In additional to the description of how things were going on the ground, I thought the bits about the Disney World government having legitimacy in the eyes of its constituents, in a way the American government does not, were an interesting way of looking at it.

Yeah, I think there’s something of a generational thing going on there maybe?

I was born 1986 and we went to Disney World like eight or ten times when I was a kid/teenager. I think we might have gone there, one way or another, every year from 95 or 96 to 2000 or 2001 or something like that? And then I wound up there again in 2004.

(And then I also went to Disneyland in August 2004 because it was effectively a compulsory part of college orientation, long story. I used my deep knowledge of Disney World to go around with a couple friends and maximize the time we could spend in air conditioning. I think we rode Small World multiple times becuase it was shady, air conditioned, and had short lines.)

Fastpass was introduced toward the end of that, so I definitely remember it as “that new thing they just rolled out that makes the lines easier to deal with”. But by the time they’d introduced it I was absolutely fucking sick of going to Disney World.

But yeah, if you asked me what Disney World was like, my gut reaction was “Standing in these awful lines constantly, although I think they did a thing to make that better recently.” Also, I don’t know how the system works now, but when Fastpass was new you could only have one at a time. So you’d get a Fastpass for a long-line ride like Space Mountain or something, and then you’d go stand in long lines for other attractions while you waited for your time to come around. So it let you do more things but still the dominant experience was “standing in line”.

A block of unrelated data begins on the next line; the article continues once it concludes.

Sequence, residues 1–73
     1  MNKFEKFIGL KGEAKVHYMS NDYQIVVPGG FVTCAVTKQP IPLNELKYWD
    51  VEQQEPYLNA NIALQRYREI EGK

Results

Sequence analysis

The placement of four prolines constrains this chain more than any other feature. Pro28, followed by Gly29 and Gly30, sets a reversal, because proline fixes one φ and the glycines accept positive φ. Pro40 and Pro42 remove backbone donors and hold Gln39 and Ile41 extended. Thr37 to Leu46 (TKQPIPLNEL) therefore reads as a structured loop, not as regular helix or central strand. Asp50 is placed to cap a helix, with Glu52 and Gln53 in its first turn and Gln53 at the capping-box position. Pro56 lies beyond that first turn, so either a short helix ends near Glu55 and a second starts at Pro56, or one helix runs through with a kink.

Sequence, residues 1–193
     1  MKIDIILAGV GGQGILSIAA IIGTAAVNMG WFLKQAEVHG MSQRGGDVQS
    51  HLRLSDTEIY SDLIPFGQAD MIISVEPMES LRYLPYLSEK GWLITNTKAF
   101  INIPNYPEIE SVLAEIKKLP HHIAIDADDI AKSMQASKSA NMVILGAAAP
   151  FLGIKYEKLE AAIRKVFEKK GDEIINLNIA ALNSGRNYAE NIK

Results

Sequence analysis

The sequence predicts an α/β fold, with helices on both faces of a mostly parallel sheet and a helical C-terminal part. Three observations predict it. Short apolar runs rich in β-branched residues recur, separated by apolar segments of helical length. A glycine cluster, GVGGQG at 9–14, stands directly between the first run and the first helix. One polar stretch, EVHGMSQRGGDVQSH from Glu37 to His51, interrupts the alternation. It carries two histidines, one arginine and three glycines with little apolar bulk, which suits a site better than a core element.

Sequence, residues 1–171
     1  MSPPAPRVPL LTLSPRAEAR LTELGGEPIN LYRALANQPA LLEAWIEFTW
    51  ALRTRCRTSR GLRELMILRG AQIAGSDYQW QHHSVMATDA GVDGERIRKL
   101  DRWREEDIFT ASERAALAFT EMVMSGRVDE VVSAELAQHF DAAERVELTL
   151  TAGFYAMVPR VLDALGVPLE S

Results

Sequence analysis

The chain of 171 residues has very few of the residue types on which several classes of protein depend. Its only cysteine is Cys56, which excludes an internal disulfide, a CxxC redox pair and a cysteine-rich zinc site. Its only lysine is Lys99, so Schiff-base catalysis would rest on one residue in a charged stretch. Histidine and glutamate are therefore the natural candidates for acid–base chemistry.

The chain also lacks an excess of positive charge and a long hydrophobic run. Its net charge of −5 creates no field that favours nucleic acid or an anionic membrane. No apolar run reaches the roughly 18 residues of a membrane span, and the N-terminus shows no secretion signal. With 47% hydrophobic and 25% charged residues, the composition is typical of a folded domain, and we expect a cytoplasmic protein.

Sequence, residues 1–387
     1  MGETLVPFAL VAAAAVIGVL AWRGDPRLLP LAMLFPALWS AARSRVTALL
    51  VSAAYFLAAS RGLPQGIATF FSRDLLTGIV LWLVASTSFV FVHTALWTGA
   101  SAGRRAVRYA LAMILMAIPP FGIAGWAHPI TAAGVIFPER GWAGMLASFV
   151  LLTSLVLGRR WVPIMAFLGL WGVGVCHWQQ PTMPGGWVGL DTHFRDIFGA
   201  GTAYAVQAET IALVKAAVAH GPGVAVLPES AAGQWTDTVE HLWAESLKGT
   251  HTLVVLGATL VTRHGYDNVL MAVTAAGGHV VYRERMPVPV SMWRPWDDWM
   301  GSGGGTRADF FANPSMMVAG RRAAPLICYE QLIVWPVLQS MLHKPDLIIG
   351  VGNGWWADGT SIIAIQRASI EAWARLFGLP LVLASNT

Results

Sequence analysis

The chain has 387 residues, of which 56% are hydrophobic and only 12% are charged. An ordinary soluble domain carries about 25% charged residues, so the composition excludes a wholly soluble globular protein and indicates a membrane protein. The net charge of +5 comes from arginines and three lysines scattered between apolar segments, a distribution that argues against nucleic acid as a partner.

But yeah, the bits about Disney’s “governmental” legitimacy were really interesting. I kept using the phrase “American Singapore” to a Disneyphile friend today, who eventually responded: “I think there’s a limit to my appreciation of the dystopian artwork in which we find ourselves.”

(see also)

As of 2015, there were three tiers of ride and you started off with one reservation in each tier. There were circumstances (I’m not sure of the exact rules now) where you could snap up extra FastPasses that other people had abandoned (and/or perhaps that Disney had added upon seeing the ride wasn’t full enough), and I remember them being fairly easy to find. But OTOH this *was* September, a month so slow that Disney bribed us with a free meal plan to schedule our trip for that time period.

(Joke’s on them: we were planning to go for September anyway. That meal plan was great: more credits than we could possibly use (presumably it was aimed to accommodate people with much higher appetites), and with prices denoted simply in “meals” and “snacks” rather than dollars. Being 100% price-insensitive in your food-buying decisions is a wonderfully liberating experience.)


#reply via reblog #Disney #politics cw #illness tw #covid19 #home of the brave #food #adventures in human capitalism #disordered eating?